“We have an aging clinic that isn’t an ideal workplace, especially since COVID, and flooding, and everything else,” says Brunetta. “We stressed to the minister that if they could help us, it would go a long way to help retain our doctors. Because even though we’re struggling to recruit new doctors, we certainly don’t want to lose the ones that we have.”

She says NOMA also did a joint presentation with the Federation of Northern Ontario Municipalities (FONOM) and the Northern Ontario Service Deliverers Association (NOSDA) about mental health, addictions, and homelessness.

Mayor Ewald, who was also a part of the meeting, says she thought it was very well received.

“We don’t just go to the ministers with problems, we usually try to bring what we see as solutions to these issues,” she says. “And I think they’re getting it. Hopefully we’ll get some positive outcomes.”

Minister Rickford agrees that housing was a key part of discussions at AMO.

“I’m the first one to acknowledge that there’s more work to be done,” he says. “But bringing the kind of housing optionality to our towns and cities isn’t just a top priority, but I think this both this budget, and this conference were clear signals that we will and are redoubling our efforts to address these challenges that municipalities writ large have identified.”

Rickford says his chats with Fort Frances councillors were about “a new Fort Frances, so to speak,” as the town will have a new mayor, and at least three fresh councillors after the municipal election this fall.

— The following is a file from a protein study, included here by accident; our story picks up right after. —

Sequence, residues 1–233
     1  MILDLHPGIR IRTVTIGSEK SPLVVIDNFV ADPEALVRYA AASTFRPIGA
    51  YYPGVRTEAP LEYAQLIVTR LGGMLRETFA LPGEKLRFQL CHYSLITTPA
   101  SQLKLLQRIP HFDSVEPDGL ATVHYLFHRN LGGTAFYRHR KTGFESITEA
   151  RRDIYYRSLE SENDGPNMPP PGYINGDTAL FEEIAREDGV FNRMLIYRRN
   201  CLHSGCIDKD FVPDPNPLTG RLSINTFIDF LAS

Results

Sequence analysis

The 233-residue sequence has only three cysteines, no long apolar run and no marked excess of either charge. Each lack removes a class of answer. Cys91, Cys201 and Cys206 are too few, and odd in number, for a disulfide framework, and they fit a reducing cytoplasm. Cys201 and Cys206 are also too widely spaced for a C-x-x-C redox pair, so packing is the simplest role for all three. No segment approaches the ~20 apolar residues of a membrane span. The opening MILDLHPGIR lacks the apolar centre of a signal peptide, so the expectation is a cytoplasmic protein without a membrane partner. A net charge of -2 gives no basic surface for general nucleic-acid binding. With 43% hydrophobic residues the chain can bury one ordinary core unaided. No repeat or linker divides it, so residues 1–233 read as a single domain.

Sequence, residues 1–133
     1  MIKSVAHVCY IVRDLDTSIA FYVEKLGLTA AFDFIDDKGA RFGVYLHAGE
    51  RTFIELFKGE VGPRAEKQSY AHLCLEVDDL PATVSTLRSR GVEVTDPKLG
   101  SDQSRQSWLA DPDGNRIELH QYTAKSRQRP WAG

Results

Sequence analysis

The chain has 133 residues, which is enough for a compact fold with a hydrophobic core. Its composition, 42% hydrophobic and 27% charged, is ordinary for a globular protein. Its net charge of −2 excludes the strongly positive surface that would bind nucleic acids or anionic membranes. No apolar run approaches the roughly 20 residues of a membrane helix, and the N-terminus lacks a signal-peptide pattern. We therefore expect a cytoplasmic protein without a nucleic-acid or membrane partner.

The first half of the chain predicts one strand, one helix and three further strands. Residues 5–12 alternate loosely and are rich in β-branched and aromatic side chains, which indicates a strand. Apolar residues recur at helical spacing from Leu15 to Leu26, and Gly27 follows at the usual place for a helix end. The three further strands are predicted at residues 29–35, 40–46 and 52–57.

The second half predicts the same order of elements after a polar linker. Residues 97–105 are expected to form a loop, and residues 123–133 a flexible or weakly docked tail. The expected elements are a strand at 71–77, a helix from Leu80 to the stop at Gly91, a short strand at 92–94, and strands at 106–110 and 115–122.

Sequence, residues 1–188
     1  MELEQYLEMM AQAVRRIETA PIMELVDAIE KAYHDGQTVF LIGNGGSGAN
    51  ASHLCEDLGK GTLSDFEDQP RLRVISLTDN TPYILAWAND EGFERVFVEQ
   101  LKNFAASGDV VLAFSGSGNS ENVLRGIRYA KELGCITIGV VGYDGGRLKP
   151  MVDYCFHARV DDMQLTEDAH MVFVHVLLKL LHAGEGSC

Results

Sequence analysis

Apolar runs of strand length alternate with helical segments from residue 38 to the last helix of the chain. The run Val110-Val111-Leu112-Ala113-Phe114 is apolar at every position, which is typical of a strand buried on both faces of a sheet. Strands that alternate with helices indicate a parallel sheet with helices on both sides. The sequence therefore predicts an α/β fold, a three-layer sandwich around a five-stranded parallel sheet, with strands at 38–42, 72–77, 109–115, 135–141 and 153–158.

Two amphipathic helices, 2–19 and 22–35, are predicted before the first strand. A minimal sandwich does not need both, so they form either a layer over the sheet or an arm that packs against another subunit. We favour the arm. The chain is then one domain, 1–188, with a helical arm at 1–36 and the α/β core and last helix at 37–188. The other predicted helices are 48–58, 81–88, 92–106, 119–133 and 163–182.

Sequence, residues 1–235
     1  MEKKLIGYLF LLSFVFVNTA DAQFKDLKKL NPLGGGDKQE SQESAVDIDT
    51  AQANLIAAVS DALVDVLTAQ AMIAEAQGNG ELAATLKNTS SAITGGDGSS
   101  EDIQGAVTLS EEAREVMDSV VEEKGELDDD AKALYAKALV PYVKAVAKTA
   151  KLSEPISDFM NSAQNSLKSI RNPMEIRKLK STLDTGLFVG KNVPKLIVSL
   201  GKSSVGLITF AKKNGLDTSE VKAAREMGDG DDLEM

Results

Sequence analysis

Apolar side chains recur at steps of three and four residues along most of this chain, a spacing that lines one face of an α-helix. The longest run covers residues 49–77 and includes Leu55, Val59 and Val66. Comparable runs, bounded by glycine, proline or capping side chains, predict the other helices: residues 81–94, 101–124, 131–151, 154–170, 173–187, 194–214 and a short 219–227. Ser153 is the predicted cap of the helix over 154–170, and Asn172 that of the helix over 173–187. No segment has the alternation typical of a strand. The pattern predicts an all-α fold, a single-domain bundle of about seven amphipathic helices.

“There’s an opportunity from the outset to set forth a new vision and plan and what that looks like for the economy,” says Rickford. “It’s been a great privilege and an honour to serve with Mayor Caul and the existing council. We’ve accomplished a lot for a town that’s faced some really difficult economic circumstances, and we see a new horizon.”

He says he’s had some very preliminary meetings with Fort Frances officials on what the province can do to help improve the town’s economic fortunes and prosperity.

Councillor Brunetta says Fort Frances is in a state of transition and is looking for economic development opportunities.

“In the upcoming election, I think that’s one of the main things we need to be considering — how are we going to recreate our community to move toward something that will sustain us through the years,” she says. “The mine has been great, but we know it won’t be there forever.

“I think that once we have a good, strong economic base, then we need to look at building on that. We need to keep our infrastructure in place, we need to grow our social activities, and we need to make Fort Frances a place where people want to live, and grow their families, and move forward.”

Ewald says going into the election, the biggest priority is keeping communities viable.

“To get to keep things fresh and attract people to your community and keep them there — that’s the kind of stuff that’s really important,” she says.

Ontario municipal elections take place on October 24. This year, many municipalities have eliminated in-person voting. For more information on how to vote, visit your local municipality’s website or town office.